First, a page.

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This raises the issue of basic human decency. Individuals caring for a sick family member or newborn child need to be provided time to do so without the burden of trying to retain a consistent income. It is a matter of mental, physical and environmental health at stake. 

Expanding paid leave could have benefits that appeal to Republican bases, too. Benefits like these have the potential to increase employee recruitment and retention in the state. When workers are given the resources and flexibility they need, they’re more willing and able to participate consistently and at higher quality. 

Resistance to Evers’ proposal portrays the idea of expanding Wisconsin’s current paid leave laws as radical or economically unviable — neither of which is entirely true. Comparing Wisconsin to other states and nations, the state is surprisingly conservative when it comes to caps on paid leave and restricting acceptable reasons for receiving benefits. Expanding the state’s employee benefits to include 12 weeks of paid leave is the bare minimum compared to elsewhere in the country and the world at large.

Extending paid leave, particularly for new parents, has been on the rise across the world for decades. In Europe, the first mandates for required parental leave after the birth of a child came in the very early 19th century. Today, over 120 countries around the world provide some amount of paid parental leave. The Czech Republic alone provides up to 28 weeks of pay for new parents. In Hungary, workers are eligible for up to 24 weeks, and up to five months in Italy.

Despite no federal law in the U.S. mandating businesses to continue offering income to workers on leave, 11 state governments have followed suit with the rest of the world by enacting laws of their own.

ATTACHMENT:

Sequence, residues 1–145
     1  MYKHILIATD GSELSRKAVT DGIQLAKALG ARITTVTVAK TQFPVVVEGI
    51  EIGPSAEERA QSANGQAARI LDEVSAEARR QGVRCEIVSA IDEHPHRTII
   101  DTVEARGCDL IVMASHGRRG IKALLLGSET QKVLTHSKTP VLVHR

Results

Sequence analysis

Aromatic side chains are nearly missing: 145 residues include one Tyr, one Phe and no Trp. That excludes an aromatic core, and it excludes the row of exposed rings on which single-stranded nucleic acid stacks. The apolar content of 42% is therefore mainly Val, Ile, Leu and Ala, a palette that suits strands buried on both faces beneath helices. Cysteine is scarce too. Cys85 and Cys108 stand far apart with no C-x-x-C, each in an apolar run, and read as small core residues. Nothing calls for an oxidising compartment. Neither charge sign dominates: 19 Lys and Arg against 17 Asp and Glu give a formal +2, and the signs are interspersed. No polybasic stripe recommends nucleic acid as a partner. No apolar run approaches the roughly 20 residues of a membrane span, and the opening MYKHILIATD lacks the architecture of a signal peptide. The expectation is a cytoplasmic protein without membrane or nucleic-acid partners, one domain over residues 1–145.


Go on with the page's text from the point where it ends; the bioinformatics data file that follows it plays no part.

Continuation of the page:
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In terms of finances, Evers’ plan is remarkably frugal in the grand scheme of the state budget. The proposal calls for a one-time seed of $243 million by the Wisconsin government at the start of 2025, and the Governor’s Office said the program would pay for itself by 2026. Given the fact that Wisconsin will head into this new two-year cycle in a budget surplus, now is as good a time as ever to invest in worker benefits. 

The program even holds the potential to further the state’s economic growth. A report by the National Partnership for Women & Families found that if Wisconsin women participated in the labor force at the same rate as those in countries with paid leave, the state would accrue an additional 22,000 workers.

In the long term, implementing paid leave will bring economic benefits as well as humanitarian ones. Paid leave has to be understood as a basic human right in Wisconsin. Governments around the world have already implemented such laws, making the state a critical outlier in what is rapidly becoming a social norm. We cannot expect to reduce unemployment and increase worker productivity without adequately investing in the workers we have today. 

Fiona Hatch ([email protected]) is a senior studying political science and international studies.